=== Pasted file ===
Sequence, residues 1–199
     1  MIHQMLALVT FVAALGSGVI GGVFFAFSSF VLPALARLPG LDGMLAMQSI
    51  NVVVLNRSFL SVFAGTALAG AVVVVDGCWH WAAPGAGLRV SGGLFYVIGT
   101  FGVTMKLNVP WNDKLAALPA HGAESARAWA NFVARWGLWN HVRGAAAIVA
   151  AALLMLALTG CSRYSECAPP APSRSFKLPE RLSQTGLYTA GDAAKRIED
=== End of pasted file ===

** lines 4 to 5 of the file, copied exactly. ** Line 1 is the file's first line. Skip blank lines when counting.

   101  FGVTMKLNVP WNDKLAALPA HGAESARAWA NFVARWGLWN HVRGAAAIVA
   151  AALLMLALTG CSRYSECAPP APSRSFKLPE RLSQTGLYTA GDAAKRIED